Immunoprecipitated material was washed in SIRT2 deacetylase buffer (50 mM Hepes, pH 7.5, 10 mM MgCl2, 10 mM NaF, 10 mM β-glycerophosphate, 0.2 mM DTT, and 25 μM ATP), which is identical to the kinase buffer. Both immunoprecipitated material and recombinant SIRT2 were resuspended in 50 μl SIRT2 deacetylase buffer containing 1 mM NAD+ (Sigma-Aldrich) and 3H-acetylated chicken reticulocyte core histone (∼7.5 μg corresponding to 12,000 cpm per reaction; obtained from P. Loidl, Innsbruck Medical University, Innsbruck, Austria). The reactions were performed in the presence of 20 μM trichostatin A to block potentially copurified HDAC activities at 37°C for 60 min. The acetyl-group of O-acetyl-ADP-ribose was hydrolysed by adding 15 μl of 1 N NaOH at room temperature for 20 min, followed by adding 185 μl of 0.1 M HCl and 0.16 M acetic acid. Released [3H]acetate was extracted in 750 μl ethyl acetate and counted (Borra et al., 2004). Deacetylation of brain-derived α-tubulin was performed with 25 μg of P3-P4 mouse forebrain lysate essentially as described previously (North et al., 2003).

Immunocytochemistry

Cultures were fixed with PBS containing 4% paraformaldehyde and 5% sucrose for 15 min followed by washing and permeabilization in PBS with 0.1% Triton X-100 for 5 min. The samples were blocked in PBS with 2% BSA and incubated with primary antibodies for 1 h. Primary antibodies were used as follows: rabbit anti-SIRT2 (1:500), mouse anti-SIRT2 (1:50; Santa Cruz Biotechnology, Inc.), rabbit anti-p35 (1:50; Santa Cruz Biotechnology, Inc.), mouse anti–β-tubulin (1:1,500; Sigma-Aldrich), and mouse anti–acetylated α-tubulin (1:1,500). Secondary antibodies conjugated to Alexa488, 546, or 660 (1:1,000; Invitrogen) were applied for 1 h along with Texas red phalloidin (Invitrogen) to highlight filamentous actin. After washing with PBS and staining with DAPI for 5 min, coverslips were mounted with mowiol. Images of cells were acquired at room temperature on a microscope (Axiovert; Carl Zeiss, Inc.) using either a 20× Plan-Neofluar 0.5 NA (Carl Zeiss, Inc.) or a 63× Plan-Neofluar 1.3 NA (Carl Zeiss, Inc.) lens without oil. A camera (AxioCam; Carl, Zeiss Inc.) with AxioVision 4.6 software (Carl Zeiss, Inc.) for deconvolution and Photoshop CS (Adobe) for adjusting contrast and brightness was used.

Colocalization of SIRT2 and p35 expression was performed by analyzing z stacks using AxioVision 4.6 software. Fig. S5 D is a typical result obtained from one individual section of the z-stack series. Fields 1 and 2 contain pixels of SIRT2 and p35, respectively, not colocalizing, whereas area 3 reveals pixels overlapping (area 4 contains largely background signals surrounding the cells; Fig. S5 D).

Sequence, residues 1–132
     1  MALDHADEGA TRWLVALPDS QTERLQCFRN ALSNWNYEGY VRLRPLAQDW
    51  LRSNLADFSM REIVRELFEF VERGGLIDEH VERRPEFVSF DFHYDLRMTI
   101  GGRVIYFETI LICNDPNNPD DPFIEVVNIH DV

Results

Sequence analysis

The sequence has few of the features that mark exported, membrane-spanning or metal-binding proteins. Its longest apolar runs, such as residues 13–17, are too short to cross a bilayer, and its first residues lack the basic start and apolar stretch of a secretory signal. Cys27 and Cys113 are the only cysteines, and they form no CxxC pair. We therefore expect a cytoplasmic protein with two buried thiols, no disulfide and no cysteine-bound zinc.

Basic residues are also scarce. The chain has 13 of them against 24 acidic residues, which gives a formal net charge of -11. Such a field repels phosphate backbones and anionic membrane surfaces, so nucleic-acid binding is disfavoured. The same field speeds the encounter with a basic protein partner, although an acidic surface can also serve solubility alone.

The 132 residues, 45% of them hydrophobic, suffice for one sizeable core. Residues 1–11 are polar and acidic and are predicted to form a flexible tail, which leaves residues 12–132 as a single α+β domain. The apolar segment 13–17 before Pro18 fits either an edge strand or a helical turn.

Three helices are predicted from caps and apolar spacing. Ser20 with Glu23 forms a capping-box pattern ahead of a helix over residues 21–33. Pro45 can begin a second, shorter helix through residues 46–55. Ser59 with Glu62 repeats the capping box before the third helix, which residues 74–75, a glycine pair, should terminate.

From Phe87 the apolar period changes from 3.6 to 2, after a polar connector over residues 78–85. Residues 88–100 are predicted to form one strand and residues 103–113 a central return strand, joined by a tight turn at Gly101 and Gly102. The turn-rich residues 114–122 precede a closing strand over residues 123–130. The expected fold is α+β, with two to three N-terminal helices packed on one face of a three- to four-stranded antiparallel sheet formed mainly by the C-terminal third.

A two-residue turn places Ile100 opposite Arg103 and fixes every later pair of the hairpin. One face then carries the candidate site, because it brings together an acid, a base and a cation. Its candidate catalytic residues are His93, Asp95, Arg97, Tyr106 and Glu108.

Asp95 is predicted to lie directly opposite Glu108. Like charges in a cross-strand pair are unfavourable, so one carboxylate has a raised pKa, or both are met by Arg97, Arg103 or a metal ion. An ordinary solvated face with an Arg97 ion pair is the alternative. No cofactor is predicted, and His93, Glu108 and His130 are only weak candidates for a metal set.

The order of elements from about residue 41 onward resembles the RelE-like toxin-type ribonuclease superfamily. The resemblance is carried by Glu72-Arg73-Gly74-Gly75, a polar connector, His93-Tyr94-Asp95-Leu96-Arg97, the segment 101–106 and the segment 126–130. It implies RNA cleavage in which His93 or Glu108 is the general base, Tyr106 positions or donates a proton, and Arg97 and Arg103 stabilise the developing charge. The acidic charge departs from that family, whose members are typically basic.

Neurite outgrowth and growth cone collapse assays

Acid-treated coverslips (diameter, 13 mm) were coated with 100 μg/ml poly-l-lysine (Sigma-Aldrich) in borate buffer at 37°C for 1 h, followed by washing and incubating with 20 μg/ml mouse laminin (Invitrogen) in HBSS at 37°C for 3–4 h. After additional washing steps, coverslips were kept in DME with 10% HS at 37°C until used. Neurons were plated at a density of 5 × 103 − 2 × 104 cells per coverslip and stained after 2 d of in vitro culture. For growth cone collapse assays, 2-d-old cultures were incubated at 37°C for 30 min with 1 μg/ml of preclustered ephrin-A5-Fc with 10 μg/ml anti–human IgG, Fc-specific, for 30 min (Sigma-Aldrich) or Fc alone followed by staining for F-actin and microtubules.

For neurite outgrowth assays, the maximal achievable neurite length per neuron of more than 40 neurons per mouse was measured using Axiovision software. In the growth cone collapse assay, all growth cones (∼2–5) of a given neuron using a total of >50 neurons per mouse were scored. Only growth cones without any remaining filopodia were scored as fully collapsed.

Online supplemental material

Fig. S1 shows the differential substrate specificity of distinct cyclin-dependent kinase complexes. Fig. S2 displays that SIRT2 is phosphorylated by cyclin A–Cdk2 but not by D-type cyclin complexes. Fig. S3 shows the expression pattern of deacetylases in the hippocampus of 2-wk-old mice. Fig. S4 demonstrates that SIRT2 overexpression does not affect cell proliferation. Fig. S5 reveals colocalization of SIRT2 and p35 in mouse primary hippocampal neurons.

Acknowledgments

We wish to thank R. Bernards and P. Loidl for reagents, J. Baron for primary HDFs, U. Linzen for whole cell extracts of serum-stimulated primary HDFs, and E. Barczak, E. Buerova, B. Habermehl, D. Sinske, and J. Stahl for excellent technical assistance. We also thank J. Weis and C. Weinl for critical reading of the manuscript.

This work was supported by a PhD stipend of the Rheinisch-Westfälische Technische Hochschule to R. Pandithage, the Emmy-Noether program of the Deutsche Forschungsgemeinschaft, the SFB446 of the Deutsche Forschungsgemeinschaft, the Schram-Stiftung, a young investigator award of the University of Tübingen to B. Knöll, and a START grant and the Bonus Program of the Medical School of the Rheinisch-Westfälische Technische Hochschule to R. Lilischkis and B. Lüscher. The authors declare no financial competing interests.

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R. Pandithage and R. Lilischkis contributed equally to this paper.

R. Pandithage's present address is Leica, 1170 Wien, Austria.

R. Lilischkis' present address is BTF Precise Microbiology, North Ryde Sydney, NSW 2113 Australia.

B. Jedamzik's present address is Max Planck Institute of Molecular Cell Biology and Genetics, 01307 Dresden, Germany.

Abbreviations used in this paper: HDAC, histone deacetylase; HDF, human diploid fibroblast; HS, horse serum; KD, knockdown; MAP, microtubule-associated protein; MEF, mouse embryonic fibroblast; ppm, parts per million; STMN2, stathmin-like 2; TAP, tandem affinity purification.

Supplementary data